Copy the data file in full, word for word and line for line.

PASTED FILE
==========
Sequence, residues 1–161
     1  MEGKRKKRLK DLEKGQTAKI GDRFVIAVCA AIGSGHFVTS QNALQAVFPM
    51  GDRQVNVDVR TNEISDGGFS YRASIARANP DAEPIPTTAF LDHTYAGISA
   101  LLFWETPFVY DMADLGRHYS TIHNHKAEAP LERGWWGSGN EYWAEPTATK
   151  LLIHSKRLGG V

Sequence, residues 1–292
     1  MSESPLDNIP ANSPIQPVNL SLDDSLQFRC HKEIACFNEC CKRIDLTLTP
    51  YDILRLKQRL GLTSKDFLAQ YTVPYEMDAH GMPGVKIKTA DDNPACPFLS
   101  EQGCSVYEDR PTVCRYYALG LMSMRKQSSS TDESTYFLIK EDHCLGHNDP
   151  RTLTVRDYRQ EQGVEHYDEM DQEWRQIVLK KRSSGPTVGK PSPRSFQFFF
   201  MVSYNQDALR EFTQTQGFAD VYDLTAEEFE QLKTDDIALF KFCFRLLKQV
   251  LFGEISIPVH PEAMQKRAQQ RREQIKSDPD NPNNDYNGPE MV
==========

Sequence, residues 1–161
     1  MEGKRKKRLK DLEKGQTAKI GDRFVIAVCA AIGSGHFVTS QNALQAVFPM
    51  GDRQVNVDVR TNEISDGGFS YRASIARANP DAEPIPTTAF LDHTYAGISA
   101  LLFWETPFVY DMADLGRHYS TIHNHKAEAP LERGWWGSGN EYWAEPTATK
   151  LLIHSKRLGG V

Sequence, residues 1–292
     1  MSESPLDNIP ANSPIQPVNL SLDDSLQFRC HKEIACFNEC CKRIDLTLTP
    51  YDILRLKQRL GLTSKDFLAQ YTVPYEMDAH GMPGVKIKTA DDNPACPFLS
   101  EQGCSVYEDR PTVCRYYALG LMSMRKQSSS TDESTYFLIK EDHCLGHNDP
   151  RTLTVRDYRQ EQGVEHYDEM DQEWRQIVLK KRSSGPTVGK PSPRSFQFFF
   201  MVSYNQDALR EFTQTQGFAD VYDLTAEEFE QLKTDDIALF KFCFRLLKQV
   251  LFGEISIPVH PEAMQKRAQQ RREQIKSDPD NPNNDYNGPE MV